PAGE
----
University of Nevada, Reno




Selling stamps to celebrities

By Harold


HaroldI found an ad in the classifieds for a stamp salesman. That was for postage stamps for collectors. This was in Beverly Hills in the most fashionable J.W. Robinson Department Store. I worked in a factory most of my time and did not do any retail selling such as this. I used to collect stamps and had some knowledge of them. Well, stupid me decided to apply for the job and I dressed very nice to make a good appearance. The manager of the stamp department was a middle age woman. She interviewed me and said she had a few more people to interview and she would let me know. After a couple of hours, she told me I was hired.

The stamp department was property of Gimbels in New York City. All work came from there and we had to make and send our work reports to Gimbels in New York City. The manager taught and showed me everything I had to know. It was not a difficult job and I did it well. After a month, my manager left on a two week vacation, so I was alone until she came back. She never did return, and I ran the department alone for several months, and would you believe, dumb me was made into the manager? Dumb luck struck again. It’s getting to be a habit.

Many movie stars would shop in this store, and I had the thrill of selling many stamps to them. Some of the actors and actresses I had the pleasure of talking with and selling some stamps to were Barbara Stanwyck. She was my favorite. She was not a stamp collector. She bought them for one of her nieces. I sold Barbara a stamp of the Princess of Monaco, who was a famous actress before she married the prince. Barbara Stanwyck was born in Brooklyn, N.Y. She came a long way to be a top actress. Whenever she visited J.W. Robinson, she would always say Hello to me, whether or not she purchased any stamps.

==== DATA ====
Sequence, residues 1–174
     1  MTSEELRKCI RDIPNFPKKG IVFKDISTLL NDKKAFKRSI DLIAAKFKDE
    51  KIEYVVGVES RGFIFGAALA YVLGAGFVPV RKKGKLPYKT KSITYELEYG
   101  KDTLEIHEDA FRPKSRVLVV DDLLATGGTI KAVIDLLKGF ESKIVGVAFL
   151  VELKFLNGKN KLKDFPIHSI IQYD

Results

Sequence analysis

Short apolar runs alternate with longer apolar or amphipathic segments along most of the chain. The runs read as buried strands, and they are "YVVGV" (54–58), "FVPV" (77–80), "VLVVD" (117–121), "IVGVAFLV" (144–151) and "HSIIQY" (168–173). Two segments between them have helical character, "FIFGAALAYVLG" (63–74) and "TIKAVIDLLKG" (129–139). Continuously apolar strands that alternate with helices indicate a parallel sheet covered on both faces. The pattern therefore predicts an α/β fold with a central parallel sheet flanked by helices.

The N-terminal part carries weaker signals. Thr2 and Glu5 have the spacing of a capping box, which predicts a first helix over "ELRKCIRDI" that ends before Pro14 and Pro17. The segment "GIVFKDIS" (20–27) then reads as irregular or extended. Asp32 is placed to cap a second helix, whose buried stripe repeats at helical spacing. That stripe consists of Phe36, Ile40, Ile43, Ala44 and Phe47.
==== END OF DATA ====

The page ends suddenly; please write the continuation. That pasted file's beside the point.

Then there was the famous strip teaser of many years ago, Gypsy Rose Lee. She was a beautiful, mature woman. I would put aside the special stamps she collected and she would call me up to see if there were any for her. If there was, she would tell me she would be in tomorrow to pick them up.

Gloria Stuart and Mrs. Harpo Marx would come in from time to time. I also remember Vincent Price making a purchase. Also the German commander from “Hogan’s Heroes.”

My most famous male actor was Raymond Burr, who made many movies, and then on television his “Perry Mason” and then “Ironsides” were big hits. I never met Perry. He would call me over the telephone. He owned or sponsored in some way one of the Fiji Islands and collected all new stamps issued from them. He wanted some very old and valuable stamps of Fiji, but my boss could never get them. He would send his right hand man in to pick up any stamps he had. It was always nice speaking with him.

There were other Hollywood stars that I would spot going by my stamp counter, such as Tony Curtis. There were many that are just too much to remember.

Besides, some of these that collected stamps, I had many customers that I would put stamps on file for them and every three months I would charge them to their account and mail it to them. Right after the assassination of President John Kennedy, all countries all over the world started issuing sets of stamps on the life of him. It was a great boom for the stamp business, as hundreds of people started collecting them. It was great for our business while it lasted for a couple of years. It then returned to the way it was before, and business tailed off gradually.


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